Anime started after the 1908 French film Fantasmagorie was screened in Japan in the spring of 1914. Inspired by the nascent form, several Japanese artists began working on their own animation projects. Though almost all of these early works were lost and/or destroyed in the chaos and devastation following the 1923 Great Kanto Earthquake.
Some claim that “Moving Picture” (a. k. a. the ‘Matsumoto fragment’, discovered in 2005) is the first – ever anime, predating all of the stuff mentioned below, and some go so far as to call it the first – ever animation of any kind. It’s nothing but a few seconds of animation drawn directly on the film frames, nearly impossible to date accurately.
But we are sure about Hekoten (Oten) Shimokawa. He is mainly known for Imokawa Mukuzo Genkanban no Maki (The Doorman, or The Story of the Concierge), which was created in 1916 and first screened in 1917. The process is a mystery; some say Shimokawa drew on a chalkboard, some say on paper. Is it even remotely possible he might have tried toilet paper? A roll of toilet paper does resemble a roll of film. If there had been a toilet paper supplier nearby, access would have been easy. And if the toilet paper were the thin, stiff, one ply type you often encounter at rest stops on the highway, it might just have worked. Actually I am speculating since I don’t know if there were even toilet available in Japan at that time.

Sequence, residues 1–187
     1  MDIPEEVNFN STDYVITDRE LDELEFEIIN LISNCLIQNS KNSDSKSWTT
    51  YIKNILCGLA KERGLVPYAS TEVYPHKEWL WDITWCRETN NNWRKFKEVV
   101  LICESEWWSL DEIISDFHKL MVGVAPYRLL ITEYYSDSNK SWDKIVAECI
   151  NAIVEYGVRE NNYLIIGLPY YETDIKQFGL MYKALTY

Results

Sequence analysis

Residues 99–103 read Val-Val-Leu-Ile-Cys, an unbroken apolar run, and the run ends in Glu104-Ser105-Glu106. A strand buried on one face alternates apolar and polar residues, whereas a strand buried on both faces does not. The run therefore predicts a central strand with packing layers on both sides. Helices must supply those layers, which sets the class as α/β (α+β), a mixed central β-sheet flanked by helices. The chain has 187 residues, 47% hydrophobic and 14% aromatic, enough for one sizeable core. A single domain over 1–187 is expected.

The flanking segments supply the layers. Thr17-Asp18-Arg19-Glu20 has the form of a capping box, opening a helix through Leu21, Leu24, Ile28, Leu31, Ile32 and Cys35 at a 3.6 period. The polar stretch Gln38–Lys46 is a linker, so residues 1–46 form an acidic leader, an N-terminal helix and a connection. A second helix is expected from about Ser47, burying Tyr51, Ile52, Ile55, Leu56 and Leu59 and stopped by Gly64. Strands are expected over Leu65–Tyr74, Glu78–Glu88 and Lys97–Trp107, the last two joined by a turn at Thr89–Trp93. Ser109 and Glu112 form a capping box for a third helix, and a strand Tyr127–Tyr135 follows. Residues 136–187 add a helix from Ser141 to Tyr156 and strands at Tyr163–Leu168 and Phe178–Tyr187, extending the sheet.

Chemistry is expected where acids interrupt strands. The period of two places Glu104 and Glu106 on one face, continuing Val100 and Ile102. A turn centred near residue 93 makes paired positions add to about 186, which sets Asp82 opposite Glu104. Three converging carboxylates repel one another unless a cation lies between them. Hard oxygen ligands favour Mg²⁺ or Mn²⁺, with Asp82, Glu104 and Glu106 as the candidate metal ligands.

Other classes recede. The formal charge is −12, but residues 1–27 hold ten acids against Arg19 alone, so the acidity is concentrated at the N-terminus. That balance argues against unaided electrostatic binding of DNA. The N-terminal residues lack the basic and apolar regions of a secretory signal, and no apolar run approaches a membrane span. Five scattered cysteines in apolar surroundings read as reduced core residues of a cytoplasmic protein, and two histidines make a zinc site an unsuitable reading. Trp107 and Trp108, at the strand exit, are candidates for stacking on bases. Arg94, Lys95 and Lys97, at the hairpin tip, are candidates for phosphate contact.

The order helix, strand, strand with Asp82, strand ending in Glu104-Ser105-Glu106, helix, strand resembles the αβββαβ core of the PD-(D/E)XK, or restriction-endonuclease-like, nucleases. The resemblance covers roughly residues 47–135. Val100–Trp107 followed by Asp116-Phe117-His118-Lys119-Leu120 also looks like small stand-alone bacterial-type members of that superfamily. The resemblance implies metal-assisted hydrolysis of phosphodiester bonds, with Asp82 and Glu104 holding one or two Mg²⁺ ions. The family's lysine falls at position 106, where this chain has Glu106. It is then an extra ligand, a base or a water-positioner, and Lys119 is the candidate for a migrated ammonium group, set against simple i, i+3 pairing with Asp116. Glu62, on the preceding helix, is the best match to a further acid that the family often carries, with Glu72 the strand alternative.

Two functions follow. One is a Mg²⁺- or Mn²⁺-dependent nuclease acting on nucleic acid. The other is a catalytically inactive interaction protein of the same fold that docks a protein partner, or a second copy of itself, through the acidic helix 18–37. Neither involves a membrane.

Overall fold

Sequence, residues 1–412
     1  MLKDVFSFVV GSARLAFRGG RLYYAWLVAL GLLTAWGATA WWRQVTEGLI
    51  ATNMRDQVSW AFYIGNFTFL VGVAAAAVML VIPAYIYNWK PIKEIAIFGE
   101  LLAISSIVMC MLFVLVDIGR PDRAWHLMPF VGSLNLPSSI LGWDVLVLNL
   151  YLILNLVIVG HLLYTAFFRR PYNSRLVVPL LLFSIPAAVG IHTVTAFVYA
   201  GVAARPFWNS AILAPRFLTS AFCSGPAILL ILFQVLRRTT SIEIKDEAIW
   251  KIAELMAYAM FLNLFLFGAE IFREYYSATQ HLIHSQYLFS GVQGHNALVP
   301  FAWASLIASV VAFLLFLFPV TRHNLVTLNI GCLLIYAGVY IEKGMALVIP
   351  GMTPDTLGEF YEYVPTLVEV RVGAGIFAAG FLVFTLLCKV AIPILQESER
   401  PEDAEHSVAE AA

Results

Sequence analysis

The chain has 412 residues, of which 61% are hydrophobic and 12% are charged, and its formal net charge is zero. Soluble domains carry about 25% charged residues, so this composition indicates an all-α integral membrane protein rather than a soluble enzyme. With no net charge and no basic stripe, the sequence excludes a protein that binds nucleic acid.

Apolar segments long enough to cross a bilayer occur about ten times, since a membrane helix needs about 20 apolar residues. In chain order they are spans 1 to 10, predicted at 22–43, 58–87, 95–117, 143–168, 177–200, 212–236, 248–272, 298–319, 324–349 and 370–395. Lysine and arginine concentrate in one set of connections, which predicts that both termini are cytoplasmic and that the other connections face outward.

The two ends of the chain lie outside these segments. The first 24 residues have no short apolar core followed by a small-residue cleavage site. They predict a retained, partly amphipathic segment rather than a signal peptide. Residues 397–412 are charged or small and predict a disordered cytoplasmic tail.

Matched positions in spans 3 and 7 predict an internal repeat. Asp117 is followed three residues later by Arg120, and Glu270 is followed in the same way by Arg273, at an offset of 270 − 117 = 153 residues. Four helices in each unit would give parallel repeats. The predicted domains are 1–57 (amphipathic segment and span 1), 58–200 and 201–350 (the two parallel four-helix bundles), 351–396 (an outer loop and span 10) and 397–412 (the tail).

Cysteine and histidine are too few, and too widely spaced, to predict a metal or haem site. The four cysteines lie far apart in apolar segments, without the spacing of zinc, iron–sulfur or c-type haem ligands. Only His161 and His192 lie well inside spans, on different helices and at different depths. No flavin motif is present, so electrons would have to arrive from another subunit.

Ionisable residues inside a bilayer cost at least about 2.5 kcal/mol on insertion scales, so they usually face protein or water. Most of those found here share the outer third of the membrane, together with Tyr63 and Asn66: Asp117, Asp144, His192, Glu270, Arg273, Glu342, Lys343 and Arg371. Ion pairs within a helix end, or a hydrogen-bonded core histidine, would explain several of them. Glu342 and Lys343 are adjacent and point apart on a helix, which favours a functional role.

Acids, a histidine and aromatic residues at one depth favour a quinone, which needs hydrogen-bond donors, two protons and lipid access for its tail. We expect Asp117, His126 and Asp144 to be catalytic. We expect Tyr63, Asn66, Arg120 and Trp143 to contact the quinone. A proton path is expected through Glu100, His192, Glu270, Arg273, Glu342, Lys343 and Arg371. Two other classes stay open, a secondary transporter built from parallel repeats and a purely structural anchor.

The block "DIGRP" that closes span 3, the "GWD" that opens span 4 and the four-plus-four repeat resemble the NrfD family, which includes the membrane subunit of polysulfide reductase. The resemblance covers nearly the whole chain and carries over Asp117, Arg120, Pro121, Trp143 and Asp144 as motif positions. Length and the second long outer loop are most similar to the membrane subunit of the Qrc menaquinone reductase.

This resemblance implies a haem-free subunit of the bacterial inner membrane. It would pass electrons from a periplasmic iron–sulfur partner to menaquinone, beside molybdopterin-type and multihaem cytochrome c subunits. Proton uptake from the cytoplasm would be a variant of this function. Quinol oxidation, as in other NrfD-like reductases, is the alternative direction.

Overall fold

But what we do know is that he was not very happy with the results, and went back to manga after only a few months and a handful of short films.
A few other projects came out shortly afterwards, including Junichi Kouchi’s Hanawa Hekonai, Meito no Maki (Sword of Hanawa Hekonai) and Seitaro Kitayama’s The Monkey and the Crab and Momotaro. Kitayama may not have been the very first, but he certainly did more to broaden early anime’s horizons — including founding Kitayama Eiga, the first animation studio in Japan.
Zenjiro “Sanae” Yamamoto, called “The Founder of Modern Anime”, worked at this studio and produced a number of black and white silent animated films at his own company, Yamamoto Manga Productions. However, the film world was eagerly exploring the potential of “talkies” and color film in the mid – to – late 1920s, and Japanese animators strove to bring these new technologies to their increasingly sophisticated visuals.
It took some time before the art was made popular but once it did some would say that it took off like wild fire. Many people feel it changed the culture altogether. It gained the interest of several young artist who added to the style & made it their own. They helped to move it forward & began the evolution into what it has become today. Remember that there were alternatives that were much more popular among the people of the time & that the entirely new form of art had to win people over before it could really begin to develop unto itself. That said, once it caught on, the new style won many fans in a very short period of time. There are not a lot of success stories that can compare to that of Anime.